WHO Begins Search for New Chief Executive
In April, a major international healthcare organization began the hunt for its next top leader. In 2017, Dr. Margaret Chen, the first Chinese national to serve at the helm of the World Health Organization, will be relinquishing her post after 10 years and two terms. WHO is the central coordinating body for international health within the United Nations’ system, which includes over 7,000 employees in 150 offices globally.
With the WHO election set to coincide with the U.S. Administration turnover, the U.S. is likely to play a minimal role in the selection of the system’s next top healthcare chief.
As Chen steps down, the transition is promising to be one of turmoil. There is strong pressure for reform within the organization, with critics citing old and “stodgy” practices. One of the more glaring recent failures was the
body’s slow reaction to West Africa’s Ebola outbreak; the organization failed to escalate the problem fast enough, as well as to take pressure off local healthcare systems. “If health risks are not contained in their countries of origin they can go anywhere,” said Gary Cohen, acting CEO of GBCHealth, a group that brings businesses together with government and international organizations to promote global health initiatives.
Cohen further notes that when diseases proliferate, the impact goes well past the health system. “It also has a potentially massive impact on economic activity, as demonstrated by the SARS epidemic in Asia,” he said. However, the WHO has not been capable of doing what is needed because it doesn’t have the funding – since the 1990’s, earmarked donations and member state dues, the WHO’s main source of funding, have remained stagnant. Laurie Garrett, a global health expert at the Council on Foreign Relations, notes that the WHO needs to be stronger internally and funded properly in order to build the strong associations it needs, like those with the pharmaceutical industry.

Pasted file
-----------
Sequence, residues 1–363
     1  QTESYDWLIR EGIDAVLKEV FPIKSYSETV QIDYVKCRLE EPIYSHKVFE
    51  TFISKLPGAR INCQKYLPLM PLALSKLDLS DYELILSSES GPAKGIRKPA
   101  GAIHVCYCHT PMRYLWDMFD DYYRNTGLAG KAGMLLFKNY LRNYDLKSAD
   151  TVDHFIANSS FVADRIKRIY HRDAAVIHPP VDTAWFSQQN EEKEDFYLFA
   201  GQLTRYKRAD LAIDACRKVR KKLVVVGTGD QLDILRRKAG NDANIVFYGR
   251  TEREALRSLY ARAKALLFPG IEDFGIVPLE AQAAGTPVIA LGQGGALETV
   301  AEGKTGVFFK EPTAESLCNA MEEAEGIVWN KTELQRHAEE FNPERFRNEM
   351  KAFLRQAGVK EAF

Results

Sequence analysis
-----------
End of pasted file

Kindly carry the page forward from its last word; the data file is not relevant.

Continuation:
Within an environment calling for reform and struggling with money issues, the WHO’s nomination process has begun to identify candidates to fill the director-general position. Nations have until Sept. 22 to submit their proposals. The WHO’s executive board will streamline the process, choosing up to three candidates to participate in the election at the World Health Assembly in May 2017. As of this writing, three candidates have announced their intentions to contend for the office: Philippe Douste-Blazy, a former French minister of health; Tedros Adhanom Ghebreyesus, Ethiopia’s minister of foreign affairs; and Sania Nishtar, Pakistan’s former top health official.
All members of the World Health Assembly will participate in a secret ballot vote for the director-general, the first time for such an inclusive process. Given the wider range of people voting, there is speculation that this could be the first time in history that the WHO is led by a non-MD; for instance, Ghebreyesus has degrees in advanced infectious disease and public health, but not medicine. Additional non-MD candidates are expected to enter the race in the coming months before the deadline.
Given that this election takes place as the United States transitions administrations, the U.S. likely won’t have a health team in place at the U.N. until after the WHO executive board votes on the final three candidates. Therefore, the election is likely to take place without American input.